Secularist hypocrites against reason and free speech

I picked this up from Sancte Pater to whom a biretta tip   o{]:¬)   is owed.   The original is at EWTN.

Are you ready for this sort of thing where you are?

http://jonkepa.files.wordpress.com/2008/01/roucovarela.jpgActivists forced the Archdiocese of Madrid, Spain to cancel a speech Cardinal Antonio Maria Rouco Varela planned to give at the Autonomous University of Madrid on Dec. 1.

The Spanish radio network, COPE, criticized the “aggressive secularism” of such activists in an editorial on its website.

Cardinal Rouco was scheduled to give a lecture titled, “The God who is unknown to 21st century Spaniards.” However, several days ago activist groups began calling for the event to be disrupted. The Spanish government said it could not guarantee the cardinal’s security, and Church officials therefore decided to cancel the speech.

“What happened here is another example of the cultural paradigm that seeks to impose aggressive secularism,” the editorial stated, while denouncing the activists’ “efforts to silence anyone who would speak of God and the meaning of man’s existence.”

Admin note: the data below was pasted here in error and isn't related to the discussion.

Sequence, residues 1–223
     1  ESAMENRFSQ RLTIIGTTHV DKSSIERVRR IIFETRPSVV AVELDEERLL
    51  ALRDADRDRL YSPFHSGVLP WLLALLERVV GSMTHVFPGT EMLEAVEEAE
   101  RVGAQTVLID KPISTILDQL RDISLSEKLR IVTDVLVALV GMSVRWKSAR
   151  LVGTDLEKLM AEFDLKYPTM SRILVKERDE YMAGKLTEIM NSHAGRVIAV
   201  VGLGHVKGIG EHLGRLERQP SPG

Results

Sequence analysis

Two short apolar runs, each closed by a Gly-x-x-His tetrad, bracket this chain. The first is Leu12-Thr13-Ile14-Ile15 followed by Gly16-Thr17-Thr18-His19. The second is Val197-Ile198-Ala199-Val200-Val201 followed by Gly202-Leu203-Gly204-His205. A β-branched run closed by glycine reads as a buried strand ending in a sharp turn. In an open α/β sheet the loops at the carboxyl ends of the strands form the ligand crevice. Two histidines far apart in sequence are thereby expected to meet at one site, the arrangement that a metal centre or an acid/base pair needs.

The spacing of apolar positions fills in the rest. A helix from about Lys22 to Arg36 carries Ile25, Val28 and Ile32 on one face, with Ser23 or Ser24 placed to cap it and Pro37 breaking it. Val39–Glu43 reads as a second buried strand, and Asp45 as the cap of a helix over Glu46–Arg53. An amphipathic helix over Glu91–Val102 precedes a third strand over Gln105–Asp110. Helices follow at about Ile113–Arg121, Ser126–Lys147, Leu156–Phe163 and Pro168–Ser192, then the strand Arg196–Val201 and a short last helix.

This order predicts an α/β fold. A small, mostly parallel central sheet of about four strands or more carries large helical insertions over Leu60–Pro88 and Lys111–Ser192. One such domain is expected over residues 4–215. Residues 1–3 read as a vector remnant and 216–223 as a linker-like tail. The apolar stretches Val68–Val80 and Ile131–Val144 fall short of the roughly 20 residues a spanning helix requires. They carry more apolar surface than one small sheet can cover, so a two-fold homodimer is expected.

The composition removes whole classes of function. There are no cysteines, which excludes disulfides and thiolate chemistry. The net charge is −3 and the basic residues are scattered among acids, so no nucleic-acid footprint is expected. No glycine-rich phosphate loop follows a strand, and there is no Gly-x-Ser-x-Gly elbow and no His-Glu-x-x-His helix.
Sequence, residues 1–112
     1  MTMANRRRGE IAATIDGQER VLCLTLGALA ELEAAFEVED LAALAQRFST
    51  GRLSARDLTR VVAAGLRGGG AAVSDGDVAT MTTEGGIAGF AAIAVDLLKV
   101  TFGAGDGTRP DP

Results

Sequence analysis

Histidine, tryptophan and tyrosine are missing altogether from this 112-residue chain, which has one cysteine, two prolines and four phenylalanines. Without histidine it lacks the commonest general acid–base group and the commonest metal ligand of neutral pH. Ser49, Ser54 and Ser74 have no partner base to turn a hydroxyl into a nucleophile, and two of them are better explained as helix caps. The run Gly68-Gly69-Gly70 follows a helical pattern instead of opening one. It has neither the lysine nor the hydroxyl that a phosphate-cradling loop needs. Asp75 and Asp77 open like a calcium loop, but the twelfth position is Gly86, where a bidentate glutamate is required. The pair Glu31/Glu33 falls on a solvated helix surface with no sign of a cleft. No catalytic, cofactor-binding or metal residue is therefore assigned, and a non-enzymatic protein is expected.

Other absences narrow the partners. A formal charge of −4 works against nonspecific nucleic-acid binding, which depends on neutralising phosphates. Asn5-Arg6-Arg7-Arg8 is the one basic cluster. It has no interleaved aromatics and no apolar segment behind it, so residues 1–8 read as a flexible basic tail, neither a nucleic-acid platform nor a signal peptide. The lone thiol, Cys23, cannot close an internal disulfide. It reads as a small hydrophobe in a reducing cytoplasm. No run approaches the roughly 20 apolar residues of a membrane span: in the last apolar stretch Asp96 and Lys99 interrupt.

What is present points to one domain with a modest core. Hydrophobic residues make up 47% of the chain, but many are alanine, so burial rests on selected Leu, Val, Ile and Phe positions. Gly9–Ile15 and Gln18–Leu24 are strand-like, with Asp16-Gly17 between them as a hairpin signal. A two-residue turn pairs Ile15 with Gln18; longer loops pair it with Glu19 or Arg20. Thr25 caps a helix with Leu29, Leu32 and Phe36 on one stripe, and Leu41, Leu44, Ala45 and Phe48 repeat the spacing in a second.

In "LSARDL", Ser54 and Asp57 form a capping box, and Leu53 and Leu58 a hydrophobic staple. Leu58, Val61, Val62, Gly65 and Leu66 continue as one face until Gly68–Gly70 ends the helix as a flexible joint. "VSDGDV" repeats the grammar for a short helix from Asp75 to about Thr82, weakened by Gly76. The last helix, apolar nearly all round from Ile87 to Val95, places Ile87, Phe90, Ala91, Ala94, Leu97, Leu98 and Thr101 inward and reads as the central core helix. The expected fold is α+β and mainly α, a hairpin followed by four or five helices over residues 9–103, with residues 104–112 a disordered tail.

And there is the added irony that freedom and truth have become a nuisance at the place which is supposed to be the pillar of knowledge – the university,” the editorial continued.  [Like the experience of the Holy Father when he could not go to La Sapienza.]

Because of these threats, COPE said, students will not hear the cardinal speak “about ‘the God who is unknown’ to the Spaniards of our day, like St. Paul did at the Areopagus of Athens.”

“The difference is that while 2,000 years ago, St. Paul could freely speak of the ‘unknown God,’ now an entire democratic system has caved in to the threats of violence, refusing to guarantee freedom and order on the university campus,” COPE stated.